The Enchanted: A Novel by Rene Denfeld


Having read a lot of war fiction and nonfiction lately, and with several “heavy” books coming up on my To Be Read list, I decided to opt for a shorter, lighter read in the meantime.  Judging The Enchanted solely by its title and cover (something I rarely do and will be wary of in the future), I assumed it was a magical fiction story and started reading.  I could not have been more wrong.

This is no light read.  The horrors inked into these pages made my chest ache at times, and yet I could not put this book down.

The Enchanted is narrated by a mute psychopath on death row.  He’s created an enchanted fantasy world (hark, the title) to overlay the brutal realities of life in prison – a place filled with both innocents and monsters.  Frighteningly, the inmates and the guards alike fall into both categories.

Beautifully written, The Enchanted also follows a woman’s quest to get one inmate off of death row.  Simply referred to throughout the novel as “The Lady,” her storyline is one of the most absorbing.

I hate to give so-called ‘trigger warnings’ about a book because they are overused today and because I don’t like to make assumptions about what other people will find disturbing, but I feel compelled in this instance to assign a trigger warning for anyone who has experienced childhood sexual abuse.  This book may be difficult for you.  That said, to the rest of you, steel yourselves for the terrors of prison life, and read this book…if only so I have someone with whom to discuss it!

I am simply in awe of Rene Denfeld after reading this novel.  How anyone can tell such a bone-chilling story so beautifully is beyond me.

Click here to purchase The Enchanted: A Novel by Rene Denfeld in hardcover and here for the Kindle ebook.

As always, feel free to let me know what you think about the book in the Comments.

A Tale for the Time Being by Ruth Ozeki


I recently finished reading A Tale for the Time Being by Ruth Ozeki and enjoyed much of the story.  Because the book has multiple narrators and several different storylines, there’s a little something in here for everyone.  I could see this being an good choice for a book club, because it be interesting to hear which narrator and plot each reader finds compelling (but a word of caution: it may not be appropriate for every group, because there is some semi-graphic language and content).

The narrator switches back and forth from a 16-year-old Japanese girl (Nao) and a middle-age woman on an island off the west coast of Canada (Ruth).  Ruth finds a bag of items on the beach, including a lunchbox, a diary, a watch, a notebook, and a pack of letters.  She begins to read the diary – written by the teenage Nao – even though it takes time away from the memoir she is supposed to be writing.  The diary illustrates Nao’s life in Tokyo, her relationship with her suicidal father, the brutality she experiences at a Japanese school, and her reverence for her 104-year-old great-grandmother, Jiko, a Buddhist nun.  It also tells the story of Jiko’s son, Haruki, who was forced to be a kamikaze pilot for the Japanese army during World War II.  Mixed in with these plotlines is Ruth’s own story: living on a remote western island far-removed from her beloved New York City, her anti-social (dare I guess autistic?) husband, her chronic writer’s block, her grief over her mother’s battle with Alzheimer’s disease, and her fears about her own growingly-unreliable memory.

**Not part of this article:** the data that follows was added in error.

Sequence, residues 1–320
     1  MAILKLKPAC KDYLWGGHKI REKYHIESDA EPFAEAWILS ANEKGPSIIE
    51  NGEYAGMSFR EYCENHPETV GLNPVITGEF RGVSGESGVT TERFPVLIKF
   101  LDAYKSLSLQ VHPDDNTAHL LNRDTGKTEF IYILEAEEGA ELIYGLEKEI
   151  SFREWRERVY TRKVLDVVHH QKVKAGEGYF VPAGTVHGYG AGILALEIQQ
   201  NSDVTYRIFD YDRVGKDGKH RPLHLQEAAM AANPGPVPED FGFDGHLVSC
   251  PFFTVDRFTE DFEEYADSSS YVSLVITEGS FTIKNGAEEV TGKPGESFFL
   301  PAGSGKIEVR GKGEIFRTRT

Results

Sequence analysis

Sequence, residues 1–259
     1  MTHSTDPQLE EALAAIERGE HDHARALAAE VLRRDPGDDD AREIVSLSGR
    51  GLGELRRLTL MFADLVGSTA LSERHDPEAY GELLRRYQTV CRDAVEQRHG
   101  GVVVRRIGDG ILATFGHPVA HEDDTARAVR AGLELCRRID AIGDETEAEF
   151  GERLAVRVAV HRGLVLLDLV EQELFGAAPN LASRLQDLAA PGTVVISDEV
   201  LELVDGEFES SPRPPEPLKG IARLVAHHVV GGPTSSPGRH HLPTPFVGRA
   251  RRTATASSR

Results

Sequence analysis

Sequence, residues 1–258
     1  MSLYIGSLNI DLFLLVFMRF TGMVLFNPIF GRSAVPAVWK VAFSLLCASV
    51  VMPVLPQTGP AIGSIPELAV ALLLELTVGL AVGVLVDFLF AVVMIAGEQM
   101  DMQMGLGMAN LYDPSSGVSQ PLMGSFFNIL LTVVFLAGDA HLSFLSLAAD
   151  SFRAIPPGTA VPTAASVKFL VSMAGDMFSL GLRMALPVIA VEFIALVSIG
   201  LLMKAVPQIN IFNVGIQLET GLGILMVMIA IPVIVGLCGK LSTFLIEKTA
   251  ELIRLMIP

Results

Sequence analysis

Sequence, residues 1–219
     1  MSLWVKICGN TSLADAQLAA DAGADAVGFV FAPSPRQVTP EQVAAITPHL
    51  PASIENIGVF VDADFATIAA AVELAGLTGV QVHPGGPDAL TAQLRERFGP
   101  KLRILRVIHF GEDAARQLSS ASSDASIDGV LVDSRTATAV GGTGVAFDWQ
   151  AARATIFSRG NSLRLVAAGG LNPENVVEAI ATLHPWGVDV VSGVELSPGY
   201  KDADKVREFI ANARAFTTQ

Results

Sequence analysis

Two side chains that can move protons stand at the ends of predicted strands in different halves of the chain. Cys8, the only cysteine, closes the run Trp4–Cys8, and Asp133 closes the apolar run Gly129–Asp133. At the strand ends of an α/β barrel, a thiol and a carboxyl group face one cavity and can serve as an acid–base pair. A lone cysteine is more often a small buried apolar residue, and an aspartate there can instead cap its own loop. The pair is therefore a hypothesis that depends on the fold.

I thoroughly enjoyed the sections of the book about Jiko, life at Jiko’s Buddhist temple, and about Haruki’s experience in World War II.  I found Nao’s story to be enthralling, although it is, at times, quite dark and gritty.  Some of the scenes from Nao’s life were as disturbing as, if not more disturbing than,  the World War II recollections, which is saying something.

Ruth’s storyline took a while to hook me, though by the end of the novel I had developed a soft spot for her as well. I particularly identified with her writer’s block and frustration over her inability to finish her novel – or, more accurately, her inability to even force herself to sit down and continue pecking away at it!  One of my favorite lines comes from Ruth: “An unfinished book, left unattended, turns feral, and she would need all her focus, will, and ruthless determination to take it again.”

A few things to note about this book… First, there are loads of footnotes, which made it difficult to read on Kindle (my Kindle makes me click each footnote to read the note text, then click ‘back’ to return to the page I was reading – an exercise in frustration when you are trying to lose yourself in the story); however, I eventually stopped looking at the footnotes unless I had to and found that, for the most part, it didn’t matter.  Second, there are a few sections where the book gets rather “heady” (e.g. a lengthy discussion about quantum physics and Schrodinger’s cat), but don’t let that dissuade you from reading.  Just plow on through those parts unless you find them particularly interesting.

Overall, I would recommend this book to someone who enjoys literary fiction.  It is not a ‘beach read’ by any means, but I found it to be thought-provoking, gripping, and, at times, darkly humorous.  I read it after completing the audiobook for Unbroken by Laura Hillenbrand (blog post on that one to come), part of which takes place in a Japanese POW camp, so it was especially interesting to dive into a novel contemplating modern-day Japan immediately after that.

If you read this book, let me know what you think about it in the comments section.

Click here to purchase A Tale for the Time Being by Ruth Ozeki.